Lessons from five years of war in Iraq

Tony Blair and Jacques Chirac (picture Presidential Press and Information Office)

Five years on from the unleashing of shock and awe over Baghdad, what have we learned? I’ve written an analysis for the Federal Union news pages, which you can read here, but I am not confident that the right lessons have been properly understood.

The trouble is that different political issues are dealt with separately, rather than seen as being intrinsically connected. It is not possible for any European to come up with a realistic response to what happened in Iraq without thinking in terms of Europe as a whole.

At the time of the war, Tony Blair tried to rally the rest of Europe behind the American policy, while Jacques Chirac tried to gather European support for an alternative policy. Neither succeeded, and we ended up with the worst of all worlds.

The Americans duly invaded Iraq as they planned, but without a broad enough coalition to be able to bring order to Iraq once they had kicked the door in. A common European policy would have been much better, but are we any closer to it?

The Lisbon treaty includes some interesting and useful steps towards a more effective voice in the world – the High Representative and the External Action Service, for example – but it only makes that voice possible rather guaranteeing that it will speak. The decision-making system remains broadly the same: unanimity for policy decisions, with qualified majority voting for implementation.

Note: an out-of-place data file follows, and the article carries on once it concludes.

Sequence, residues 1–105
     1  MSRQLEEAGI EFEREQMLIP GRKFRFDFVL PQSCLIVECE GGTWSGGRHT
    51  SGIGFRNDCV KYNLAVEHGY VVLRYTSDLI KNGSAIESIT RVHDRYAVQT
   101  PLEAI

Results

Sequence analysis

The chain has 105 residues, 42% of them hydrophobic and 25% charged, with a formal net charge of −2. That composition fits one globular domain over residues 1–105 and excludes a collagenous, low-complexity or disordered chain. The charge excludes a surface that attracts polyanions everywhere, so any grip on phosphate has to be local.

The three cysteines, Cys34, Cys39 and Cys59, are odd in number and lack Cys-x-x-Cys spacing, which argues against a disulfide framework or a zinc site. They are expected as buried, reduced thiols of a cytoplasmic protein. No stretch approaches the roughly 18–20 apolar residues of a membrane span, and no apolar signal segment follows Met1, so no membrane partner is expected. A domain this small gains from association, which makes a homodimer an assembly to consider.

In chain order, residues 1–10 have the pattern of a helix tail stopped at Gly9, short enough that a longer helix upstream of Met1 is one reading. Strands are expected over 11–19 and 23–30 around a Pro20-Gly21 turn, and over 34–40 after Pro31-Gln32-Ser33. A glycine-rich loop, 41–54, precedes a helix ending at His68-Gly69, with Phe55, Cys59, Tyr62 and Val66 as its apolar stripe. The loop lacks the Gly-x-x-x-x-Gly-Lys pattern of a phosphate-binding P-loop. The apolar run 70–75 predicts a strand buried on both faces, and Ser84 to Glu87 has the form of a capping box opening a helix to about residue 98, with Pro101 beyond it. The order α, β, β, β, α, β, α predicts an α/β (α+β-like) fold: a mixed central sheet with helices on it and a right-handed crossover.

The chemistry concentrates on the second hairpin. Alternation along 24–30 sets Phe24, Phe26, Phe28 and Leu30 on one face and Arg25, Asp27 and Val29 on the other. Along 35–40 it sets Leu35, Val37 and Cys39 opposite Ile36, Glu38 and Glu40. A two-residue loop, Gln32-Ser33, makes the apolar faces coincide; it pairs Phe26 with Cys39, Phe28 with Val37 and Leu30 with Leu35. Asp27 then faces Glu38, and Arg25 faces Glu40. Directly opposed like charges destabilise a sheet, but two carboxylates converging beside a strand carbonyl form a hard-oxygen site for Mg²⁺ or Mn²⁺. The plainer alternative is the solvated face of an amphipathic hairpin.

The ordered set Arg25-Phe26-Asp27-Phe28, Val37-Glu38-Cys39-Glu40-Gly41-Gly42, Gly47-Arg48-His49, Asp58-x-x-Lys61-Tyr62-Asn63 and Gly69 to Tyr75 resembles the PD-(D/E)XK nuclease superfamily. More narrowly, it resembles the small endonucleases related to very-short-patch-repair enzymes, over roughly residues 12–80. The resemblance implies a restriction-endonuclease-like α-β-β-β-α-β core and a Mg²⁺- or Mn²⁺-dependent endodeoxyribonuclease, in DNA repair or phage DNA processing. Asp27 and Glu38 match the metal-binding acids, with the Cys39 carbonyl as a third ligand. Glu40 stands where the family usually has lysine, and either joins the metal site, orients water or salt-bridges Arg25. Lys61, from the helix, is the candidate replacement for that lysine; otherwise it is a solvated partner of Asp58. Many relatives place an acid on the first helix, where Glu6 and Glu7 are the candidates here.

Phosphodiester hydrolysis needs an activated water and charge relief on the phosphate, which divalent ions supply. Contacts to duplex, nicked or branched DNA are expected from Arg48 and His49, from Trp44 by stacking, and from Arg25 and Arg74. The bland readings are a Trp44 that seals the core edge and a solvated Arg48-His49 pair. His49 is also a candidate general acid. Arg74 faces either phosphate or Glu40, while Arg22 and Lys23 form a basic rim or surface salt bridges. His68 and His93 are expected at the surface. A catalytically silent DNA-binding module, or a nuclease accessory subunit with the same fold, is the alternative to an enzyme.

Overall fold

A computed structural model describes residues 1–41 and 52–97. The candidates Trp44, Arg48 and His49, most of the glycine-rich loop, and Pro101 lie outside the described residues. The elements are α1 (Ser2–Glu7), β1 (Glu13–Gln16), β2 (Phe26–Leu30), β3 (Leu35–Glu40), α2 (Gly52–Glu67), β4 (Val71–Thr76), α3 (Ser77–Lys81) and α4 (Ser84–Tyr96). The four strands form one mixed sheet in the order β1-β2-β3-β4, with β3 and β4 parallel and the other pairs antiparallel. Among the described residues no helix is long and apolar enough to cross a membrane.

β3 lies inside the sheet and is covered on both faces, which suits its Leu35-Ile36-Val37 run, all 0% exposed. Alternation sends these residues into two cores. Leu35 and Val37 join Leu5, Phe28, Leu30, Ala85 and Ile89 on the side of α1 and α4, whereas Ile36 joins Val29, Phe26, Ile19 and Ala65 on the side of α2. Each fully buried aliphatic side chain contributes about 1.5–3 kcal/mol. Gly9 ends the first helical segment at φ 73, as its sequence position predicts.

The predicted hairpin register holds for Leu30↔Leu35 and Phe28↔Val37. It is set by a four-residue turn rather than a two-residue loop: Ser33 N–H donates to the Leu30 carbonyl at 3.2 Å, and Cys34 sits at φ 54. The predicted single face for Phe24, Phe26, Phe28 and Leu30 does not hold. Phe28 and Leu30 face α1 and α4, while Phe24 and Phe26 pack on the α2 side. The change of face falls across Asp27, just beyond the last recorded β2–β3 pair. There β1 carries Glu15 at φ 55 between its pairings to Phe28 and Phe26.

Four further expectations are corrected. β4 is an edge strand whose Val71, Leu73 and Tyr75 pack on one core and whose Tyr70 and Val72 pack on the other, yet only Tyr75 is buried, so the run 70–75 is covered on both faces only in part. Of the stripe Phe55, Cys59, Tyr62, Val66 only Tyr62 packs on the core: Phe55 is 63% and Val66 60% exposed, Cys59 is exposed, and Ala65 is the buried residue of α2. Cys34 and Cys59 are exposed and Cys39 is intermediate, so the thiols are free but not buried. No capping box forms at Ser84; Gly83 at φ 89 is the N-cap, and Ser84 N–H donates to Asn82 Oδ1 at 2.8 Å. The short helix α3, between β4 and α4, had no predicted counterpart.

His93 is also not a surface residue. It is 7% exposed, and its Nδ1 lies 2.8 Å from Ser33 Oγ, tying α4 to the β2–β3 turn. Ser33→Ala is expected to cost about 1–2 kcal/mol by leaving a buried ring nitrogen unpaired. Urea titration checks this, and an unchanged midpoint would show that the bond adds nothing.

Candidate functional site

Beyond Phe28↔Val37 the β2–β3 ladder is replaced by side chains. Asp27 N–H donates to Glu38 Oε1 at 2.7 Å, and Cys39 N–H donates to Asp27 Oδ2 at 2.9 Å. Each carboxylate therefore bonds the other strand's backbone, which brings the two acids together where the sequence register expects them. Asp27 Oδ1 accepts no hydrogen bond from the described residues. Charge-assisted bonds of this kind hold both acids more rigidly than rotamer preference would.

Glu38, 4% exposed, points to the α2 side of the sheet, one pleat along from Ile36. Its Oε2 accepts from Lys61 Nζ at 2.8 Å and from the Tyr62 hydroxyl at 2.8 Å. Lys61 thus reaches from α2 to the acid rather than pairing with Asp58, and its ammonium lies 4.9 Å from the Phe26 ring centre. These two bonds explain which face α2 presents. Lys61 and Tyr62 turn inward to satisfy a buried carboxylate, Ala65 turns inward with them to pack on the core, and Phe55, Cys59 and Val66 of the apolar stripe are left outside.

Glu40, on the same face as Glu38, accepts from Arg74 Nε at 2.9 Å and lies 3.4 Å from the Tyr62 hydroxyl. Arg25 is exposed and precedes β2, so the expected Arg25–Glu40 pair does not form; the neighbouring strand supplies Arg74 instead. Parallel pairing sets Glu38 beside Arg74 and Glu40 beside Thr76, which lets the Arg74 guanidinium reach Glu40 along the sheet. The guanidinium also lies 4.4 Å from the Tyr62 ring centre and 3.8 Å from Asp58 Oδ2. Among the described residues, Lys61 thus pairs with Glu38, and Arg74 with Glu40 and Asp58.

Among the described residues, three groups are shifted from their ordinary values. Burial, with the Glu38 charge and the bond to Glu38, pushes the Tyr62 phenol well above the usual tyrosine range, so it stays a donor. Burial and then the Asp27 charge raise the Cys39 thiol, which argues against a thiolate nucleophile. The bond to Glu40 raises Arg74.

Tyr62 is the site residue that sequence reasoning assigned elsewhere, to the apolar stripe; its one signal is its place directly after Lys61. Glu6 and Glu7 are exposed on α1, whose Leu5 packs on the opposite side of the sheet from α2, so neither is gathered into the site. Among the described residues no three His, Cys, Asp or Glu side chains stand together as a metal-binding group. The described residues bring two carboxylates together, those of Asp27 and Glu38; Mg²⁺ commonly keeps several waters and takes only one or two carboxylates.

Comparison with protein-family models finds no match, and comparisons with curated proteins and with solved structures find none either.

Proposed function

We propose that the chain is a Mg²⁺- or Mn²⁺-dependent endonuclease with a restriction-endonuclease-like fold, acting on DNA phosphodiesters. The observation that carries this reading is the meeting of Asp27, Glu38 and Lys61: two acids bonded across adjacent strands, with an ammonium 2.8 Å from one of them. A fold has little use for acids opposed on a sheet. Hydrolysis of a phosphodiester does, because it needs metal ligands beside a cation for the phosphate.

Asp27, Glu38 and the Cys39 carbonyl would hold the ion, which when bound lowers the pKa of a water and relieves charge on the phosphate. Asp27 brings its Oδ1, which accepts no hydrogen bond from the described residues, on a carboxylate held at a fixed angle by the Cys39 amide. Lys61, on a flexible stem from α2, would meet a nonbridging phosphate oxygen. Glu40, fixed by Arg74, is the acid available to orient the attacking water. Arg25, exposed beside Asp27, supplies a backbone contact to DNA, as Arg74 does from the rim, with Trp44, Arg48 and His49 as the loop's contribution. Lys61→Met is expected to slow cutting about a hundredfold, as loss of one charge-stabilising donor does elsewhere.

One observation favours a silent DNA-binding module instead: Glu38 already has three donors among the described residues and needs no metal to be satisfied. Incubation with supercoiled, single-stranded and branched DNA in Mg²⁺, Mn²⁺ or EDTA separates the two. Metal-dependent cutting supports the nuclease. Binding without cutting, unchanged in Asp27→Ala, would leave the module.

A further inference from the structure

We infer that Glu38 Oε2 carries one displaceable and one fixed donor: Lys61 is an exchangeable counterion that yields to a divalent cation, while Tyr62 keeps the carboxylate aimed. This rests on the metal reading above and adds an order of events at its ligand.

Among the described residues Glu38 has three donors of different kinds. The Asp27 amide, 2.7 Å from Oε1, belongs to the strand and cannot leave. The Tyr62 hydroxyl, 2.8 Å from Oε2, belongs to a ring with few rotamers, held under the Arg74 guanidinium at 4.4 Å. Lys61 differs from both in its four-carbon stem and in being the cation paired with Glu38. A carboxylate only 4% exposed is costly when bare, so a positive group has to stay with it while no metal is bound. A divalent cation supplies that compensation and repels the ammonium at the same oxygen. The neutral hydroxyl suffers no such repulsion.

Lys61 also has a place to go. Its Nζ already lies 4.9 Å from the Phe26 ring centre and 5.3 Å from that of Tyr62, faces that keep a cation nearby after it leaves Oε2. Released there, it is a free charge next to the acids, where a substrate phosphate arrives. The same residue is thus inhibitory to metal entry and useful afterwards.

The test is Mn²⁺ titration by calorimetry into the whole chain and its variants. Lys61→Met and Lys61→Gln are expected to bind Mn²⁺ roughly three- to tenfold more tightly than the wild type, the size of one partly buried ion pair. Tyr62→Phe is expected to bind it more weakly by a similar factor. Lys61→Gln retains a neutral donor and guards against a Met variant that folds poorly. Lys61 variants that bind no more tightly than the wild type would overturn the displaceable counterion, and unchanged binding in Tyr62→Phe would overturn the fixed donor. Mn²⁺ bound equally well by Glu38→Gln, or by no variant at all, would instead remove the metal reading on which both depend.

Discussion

(As an aside, one might point out that there has been a change in the decision-making system: the requirement used to be unanimity among 12 member states at the time of Maastricht; now it is unanimity among 27, which is likely to be rather harder to obtain.)

The European Convention that produced the first draft of what is now the Lisbon treaty conducted its debates in almost complete ignorance of the crisis that was unfolding in Iraq. (We wrote about it in Federalist Letter to the European Constitutional Convention #8, which you can read here.) There should have been a fundamental and intimate connection between the two: the whole point of the European Union is to enable Europeans to respond better to collective problems. But the pigeon-holing of European issues as somehow distinct from the rest of politics makes this so much harder to achieve.

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